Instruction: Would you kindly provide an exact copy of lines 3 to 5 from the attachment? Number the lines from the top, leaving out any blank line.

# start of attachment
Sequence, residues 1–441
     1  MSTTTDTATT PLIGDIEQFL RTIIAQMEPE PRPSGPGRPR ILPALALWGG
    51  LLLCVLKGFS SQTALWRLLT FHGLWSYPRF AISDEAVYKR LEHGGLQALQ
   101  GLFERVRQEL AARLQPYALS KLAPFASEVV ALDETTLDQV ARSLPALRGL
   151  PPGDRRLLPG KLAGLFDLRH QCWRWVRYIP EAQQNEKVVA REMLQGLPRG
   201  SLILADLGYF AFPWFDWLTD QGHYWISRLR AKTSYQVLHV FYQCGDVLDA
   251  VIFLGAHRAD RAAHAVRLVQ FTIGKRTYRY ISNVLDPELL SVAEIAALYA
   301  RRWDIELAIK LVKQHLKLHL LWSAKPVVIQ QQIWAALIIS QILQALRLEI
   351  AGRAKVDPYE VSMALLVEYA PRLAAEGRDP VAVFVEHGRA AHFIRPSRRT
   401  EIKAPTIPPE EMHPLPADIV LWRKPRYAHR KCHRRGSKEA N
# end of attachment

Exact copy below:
    51  LLLCVLKGFS SQTALWRLLT FHGLWSYPRF AISDEAVYKR LEHGGLQALQ
   101  GLFERVRQEL AARLQPYALS KLAPFASEVV ALDETTLDQV ARSLPALRGL
   151  PPGDRRLLPG KLAGLFDLRH QCWRWVRYIP EAQQNEKVVA REMLQGLPRG